There is such a thing as a rapist type. A little over half of rapists are repeat offenders, with six victims on average. This group is also more likely to slap or choke people they have sex with, and to hit children. (And also to commit sexual assault, but at this point that's obvious.)

I understand there's some questionable statistics here, but I have to admit that that's reasonable enough that I don't care if it should really be one-third or something. My model predicts that there is indeed such a cluster. Doesn't mean they're "'predators disguising as people' until they shed their social pretense and let loose their inner evil upon unsuspecting victims." as DaFranker so helpfully put it.

The remaining group, of one-time rapists, probably matches your model.

They all match my model, except the actual psychopaths and such. Who, while probably over-represented among rapists, are by no means the norm.

I'm pretty sure that's false, assuming we're counting fuck-or-die situations (where both parties are being raped, anyway) and messing with meds as contrived. To stretch your metaphor horribly, until Obama was first elected he wasn't president, but he was the type of person who wants a political career and has positions that fit in a party's platform and can give good public speeches and raise money to campaign and so on, in the way that most people aren't.

That doesn't change the fact that rape, while it obviously selects somewhat, does not rewire you into a cartoon villain.

To take a N=1 sample, I can't think of a non-contrived situation where I would rape. What's more, when I model myself being born in the kind of environment that would lead me to rape, the person stops being recognizably me long before puberty. Whereas other unfortunately-raised mes remain me well into invading Poland or going postal or torturing heretics.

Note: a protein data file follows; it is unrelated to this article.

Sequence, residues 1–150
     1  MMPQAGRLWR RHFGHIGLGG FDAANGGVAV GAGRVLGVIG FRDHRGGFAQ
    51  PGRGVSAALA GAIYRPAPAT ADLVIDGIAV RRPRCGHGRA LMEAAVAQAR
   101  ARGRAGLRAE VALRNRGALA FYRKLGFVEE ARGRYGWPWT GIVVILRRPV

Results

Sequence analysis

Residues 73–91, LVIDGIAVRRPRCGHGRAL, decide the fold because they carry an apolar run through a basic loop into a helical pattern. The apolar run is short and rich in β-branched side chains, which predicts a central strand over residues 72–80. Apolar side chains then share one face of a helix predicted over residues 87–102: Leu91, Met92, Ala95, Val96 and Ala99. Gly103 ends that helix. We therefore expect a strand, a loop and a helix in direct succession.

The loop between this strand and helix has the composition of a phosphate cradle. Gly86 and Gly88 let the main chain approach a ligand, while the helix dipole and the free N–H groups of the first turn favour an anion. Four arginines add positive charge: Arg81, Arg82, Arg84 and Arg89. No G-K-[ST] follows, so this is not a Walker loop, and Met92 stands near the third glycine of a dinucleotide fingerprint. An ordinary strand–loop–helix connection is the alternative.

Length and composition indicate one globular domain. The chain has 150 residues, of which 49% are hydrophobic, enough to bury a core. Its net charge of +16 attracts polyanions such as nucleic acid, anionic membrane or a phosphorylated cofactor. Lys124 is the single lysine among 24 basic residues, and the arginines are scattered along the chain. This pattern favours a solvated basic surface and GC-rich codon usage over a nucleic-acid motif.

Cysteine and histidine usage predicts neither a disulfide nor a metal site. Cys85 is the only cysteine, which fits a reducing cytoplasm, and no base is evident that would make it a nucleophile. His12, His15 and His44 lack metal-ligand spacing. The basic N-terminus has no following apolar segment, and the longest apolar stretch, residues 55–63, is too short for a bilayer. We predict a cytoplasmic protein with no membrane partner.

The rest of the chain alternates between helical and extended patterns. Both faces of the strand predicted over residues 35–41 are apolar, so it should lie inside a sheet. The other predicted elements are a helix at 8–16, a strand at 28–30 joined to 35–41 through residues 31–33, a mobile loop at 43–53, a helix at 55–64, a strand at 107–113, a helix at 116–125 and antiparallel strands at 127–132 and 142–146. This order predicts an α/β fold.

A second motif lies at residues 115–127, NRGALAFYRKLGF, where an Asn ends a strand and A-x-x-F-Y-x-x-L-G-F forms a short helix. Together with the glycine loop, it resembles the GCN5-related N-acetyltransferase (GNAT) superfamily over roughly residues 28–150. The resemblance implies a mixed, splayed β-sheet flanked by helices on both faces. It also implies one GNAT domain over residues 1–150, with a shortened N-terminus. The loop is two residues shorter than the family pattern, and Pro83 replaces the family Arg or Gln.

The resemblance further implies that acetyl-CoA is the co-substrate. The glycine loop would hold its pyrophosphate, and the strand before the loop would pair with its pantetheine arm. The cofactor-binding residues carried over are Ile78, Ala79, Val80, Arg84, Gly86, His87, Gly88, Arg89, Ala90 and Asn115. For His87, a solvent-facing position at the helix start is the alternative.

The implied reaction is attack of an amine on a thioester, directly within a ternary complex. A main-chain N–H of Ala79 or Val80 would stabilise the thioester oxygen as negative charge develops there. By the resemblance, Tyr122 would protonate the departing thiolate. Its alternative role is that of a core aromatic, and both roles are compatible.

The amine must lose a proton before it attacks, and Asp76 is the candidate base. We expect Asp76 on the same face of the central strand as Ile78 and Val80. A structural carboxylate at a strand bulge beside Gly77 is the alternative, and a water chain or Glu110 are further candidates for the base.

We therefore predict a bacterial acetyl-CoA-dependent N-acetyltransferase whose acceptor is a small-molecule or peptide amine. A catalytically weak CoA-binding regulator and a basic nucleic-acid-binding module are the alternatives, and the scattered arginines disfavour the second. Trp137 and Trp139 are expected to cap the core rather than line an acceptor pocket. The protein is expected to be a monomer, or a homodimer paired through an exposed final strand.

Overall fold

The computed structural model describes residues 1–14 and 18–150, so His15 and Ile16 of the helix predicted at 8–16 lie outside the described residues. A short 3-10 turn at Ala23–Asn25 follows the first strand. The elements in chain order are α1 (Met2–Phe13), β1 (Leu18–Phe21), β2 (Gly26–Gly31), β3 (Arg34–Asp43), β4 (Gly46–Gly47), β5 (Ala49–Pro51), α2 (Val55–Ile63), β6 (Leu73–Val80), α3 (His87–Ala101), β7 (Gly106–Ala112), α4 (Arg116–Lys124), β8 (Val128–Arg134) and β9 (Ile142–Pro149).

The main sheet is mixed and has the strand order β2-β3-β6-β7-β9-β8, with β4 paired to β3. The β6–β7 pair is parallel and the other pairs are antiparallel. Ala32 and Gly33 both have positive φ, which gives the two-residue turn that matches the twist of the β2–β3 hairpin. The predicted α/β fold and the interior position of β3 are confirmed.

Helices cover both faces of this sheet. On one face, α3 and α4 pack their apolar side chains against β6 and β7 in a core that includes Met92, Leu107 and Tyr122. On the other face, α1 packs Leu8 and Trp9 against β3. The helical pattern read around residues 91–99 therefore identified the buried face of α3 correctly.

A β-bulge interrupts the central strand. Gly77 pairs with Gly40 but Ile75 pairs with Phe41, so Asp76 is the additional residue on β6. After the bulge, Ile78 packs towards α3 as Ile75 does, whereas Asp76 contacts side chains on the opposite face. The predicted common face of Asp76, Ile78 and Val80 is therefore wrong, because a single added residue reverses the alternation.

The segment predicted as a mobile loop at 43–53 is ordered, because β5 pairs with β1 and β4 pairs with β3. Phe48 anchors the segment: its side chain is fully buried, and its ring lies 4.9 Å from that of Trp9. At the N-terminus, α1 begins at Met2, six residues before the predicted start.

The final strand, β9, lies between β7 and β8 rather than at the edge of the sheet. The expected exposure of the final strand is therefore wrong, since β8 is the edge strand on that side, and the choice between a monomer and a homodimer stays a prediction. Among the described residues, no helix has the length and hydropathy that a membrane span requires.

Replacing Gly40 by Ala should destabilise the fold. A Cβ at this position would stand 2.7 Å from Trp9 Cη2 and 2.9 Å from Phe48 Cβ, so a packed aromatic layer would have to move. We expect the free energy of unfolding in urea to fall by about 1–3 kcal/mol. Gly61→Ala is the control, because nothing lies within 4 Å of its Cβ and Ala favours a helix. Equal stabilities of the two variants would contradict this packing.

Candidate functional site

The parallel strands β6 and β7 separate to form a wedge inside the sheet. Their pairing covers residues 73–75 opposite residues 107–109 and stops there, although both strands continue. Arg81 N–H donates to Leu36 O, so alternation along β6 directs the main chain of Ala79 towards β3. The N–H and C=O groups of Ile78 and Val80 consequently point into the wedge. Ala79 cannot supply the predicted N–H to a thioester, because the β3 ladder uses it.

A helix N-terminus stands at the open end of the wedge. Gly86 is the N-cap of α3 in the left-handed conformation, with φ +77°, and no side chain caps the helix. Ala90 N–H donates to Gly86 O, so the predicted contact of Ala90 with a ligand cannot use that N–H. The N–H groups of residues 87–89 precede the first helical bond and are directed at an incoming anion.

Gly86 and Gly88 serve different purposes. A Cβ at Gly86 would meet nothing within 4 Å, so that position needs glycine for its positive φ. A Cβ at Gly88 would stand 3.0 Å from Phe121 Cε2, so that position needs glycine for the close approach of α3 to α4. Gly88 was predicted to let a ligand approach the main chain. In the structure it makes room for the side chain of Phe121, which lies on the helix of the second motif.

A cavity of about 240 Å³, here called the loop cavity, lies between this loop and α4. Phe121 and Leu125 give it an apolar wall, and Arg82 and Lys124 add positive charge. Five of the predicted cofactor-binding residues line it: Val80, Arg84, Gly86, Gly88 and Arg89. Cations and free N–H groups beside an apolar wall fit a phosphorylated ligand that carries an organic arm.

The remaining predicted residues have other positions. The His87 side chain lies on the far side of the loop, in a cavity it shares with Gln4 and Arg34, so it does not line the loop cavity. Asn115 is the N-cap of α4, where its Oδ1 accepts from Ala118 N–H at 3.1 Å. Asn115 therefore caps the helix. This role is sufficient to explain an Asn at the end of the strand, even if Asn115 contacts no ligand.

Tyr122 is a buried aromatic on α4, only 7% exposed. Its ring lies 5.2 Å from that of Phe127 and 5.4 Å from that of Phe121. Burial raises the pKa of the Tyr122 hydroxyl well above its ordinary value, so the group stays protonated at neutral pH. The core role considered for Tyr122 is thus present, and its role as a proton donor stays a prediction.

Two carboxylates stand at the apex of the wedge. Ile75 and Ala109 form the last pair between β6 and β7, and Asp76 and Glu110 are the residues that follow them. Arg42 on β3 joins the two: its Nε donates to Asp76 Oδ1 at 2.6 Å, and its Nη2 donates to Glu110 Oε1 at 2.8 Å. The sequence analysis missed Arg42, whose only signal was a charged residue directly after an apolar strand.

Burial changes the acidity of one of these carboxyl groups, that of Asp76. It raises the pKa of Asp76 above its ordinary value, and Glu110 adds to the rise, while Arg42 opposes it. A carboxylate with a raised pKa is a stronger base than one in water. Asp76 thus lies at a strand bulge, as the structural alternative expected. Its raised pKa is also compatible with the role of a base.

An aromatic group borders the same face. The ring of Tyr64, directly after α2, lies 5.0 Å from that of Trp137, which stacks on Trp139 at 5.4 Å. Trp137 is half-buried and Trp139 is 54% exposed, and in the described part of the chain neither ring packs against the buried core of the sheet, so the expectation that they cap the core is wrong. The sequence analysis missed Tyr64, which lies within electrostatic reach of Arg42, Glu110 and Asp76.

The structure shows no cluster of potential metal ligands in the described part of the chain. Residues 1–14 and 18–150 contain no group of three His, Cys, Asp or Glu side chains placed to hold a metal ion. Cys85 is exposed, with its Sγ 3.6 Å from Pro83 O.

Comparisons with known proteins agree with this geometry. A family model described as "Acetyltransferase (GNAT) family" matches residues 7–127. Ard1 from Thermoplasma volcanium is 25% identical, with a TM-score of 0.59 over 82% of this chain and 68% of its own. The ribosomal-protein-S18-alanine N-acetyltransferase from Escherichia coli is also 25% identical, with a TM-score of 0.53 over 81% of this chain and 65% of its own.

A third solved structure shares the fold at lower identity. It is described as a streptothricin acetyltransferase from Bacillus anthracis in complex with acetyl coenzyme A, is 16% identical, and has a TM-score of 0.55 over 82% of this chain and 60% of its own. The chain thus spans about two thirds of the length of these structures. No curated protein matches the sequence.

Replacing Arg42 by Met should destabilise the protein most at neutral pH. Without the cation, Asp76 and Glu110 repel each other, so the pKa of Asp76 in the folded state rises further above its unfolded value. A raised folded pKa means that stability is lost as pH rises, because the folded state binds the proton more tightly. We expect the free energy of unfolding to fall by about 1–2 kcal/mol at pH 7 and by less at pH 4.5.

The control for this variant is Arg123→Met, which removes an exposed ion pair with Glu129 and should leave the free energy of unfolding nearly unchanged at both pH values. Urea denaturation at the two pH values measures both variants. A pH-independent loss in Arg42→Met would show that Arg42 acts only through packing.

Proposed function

... and that doesn't indicate to you that your model may be inserting magical personality-rewrites into Evil Mutants? It sure as hell would to me. In fact, it has. Always proved right so far. If you can't empathize with them, you don't understand them. Might not work on aliens, but it sure as hell works on humans.

There are certainly some people, possibly more than I think (but way less than the whole of humanity), who can lose control. And as they're still the same people, once they regain control of themselves, they are horrified and atone as much as they can.

Or are you thinking of something like war, where (or so I heard) people go berserk and kill and rape indiscriminately? That I'll buy. (It does change people fundamentally, but doesn't replace them with evilbots.) But that's nowhere near what we're discussing here.

I wouldn't say they "kill and rape indiscriminately". They just kill and rape the enemy. It's not like they're people, right? Because if they were, that might make killing them wrong. Can't have our soldiers thinking that, can we? (I understand the US army, at least, has switched away from demonizing their enemies in Basic Training for precisely this reason.)

Wait, is the jump from "anyone who chooses to do this is evil, I do this, I know ways to stop doing this, I'm not taking them" to "I'm evil" far-fetched? Isn't that as basic as cognitive dissonance gets?

Calling people "evil" is tricky. There are a lot of conflicting metaethics and definitions floating around the issue. But I think it's fair to say that "not maximizing morality" is different from "evil". You ever spend money on chocolate? Fuck you. That money could have gone to charity. Saved lives. And you spent it on chocolate instead? Who the hell do you think you are, to put your pleasure above people dying? Of course, this goes for all nonessential expenditure. Humans don't maximize morality, because if we did we wouldn't be able to compete. We might want to, but if we somehow learned to defeat the layers of akrasia and bias and simple hypocrisy then we would no longer be human. Humans aren't FAIs, we're evolutionarily adapted to a specific niche.

You claim that I model rapists as Evil Mutants, but I don't know what you mean by that. Can you name one false prediction of my model?

Edited; previous version was:

It would help if you named one false prediction that my model of rapists as "Evil Mutants" makes.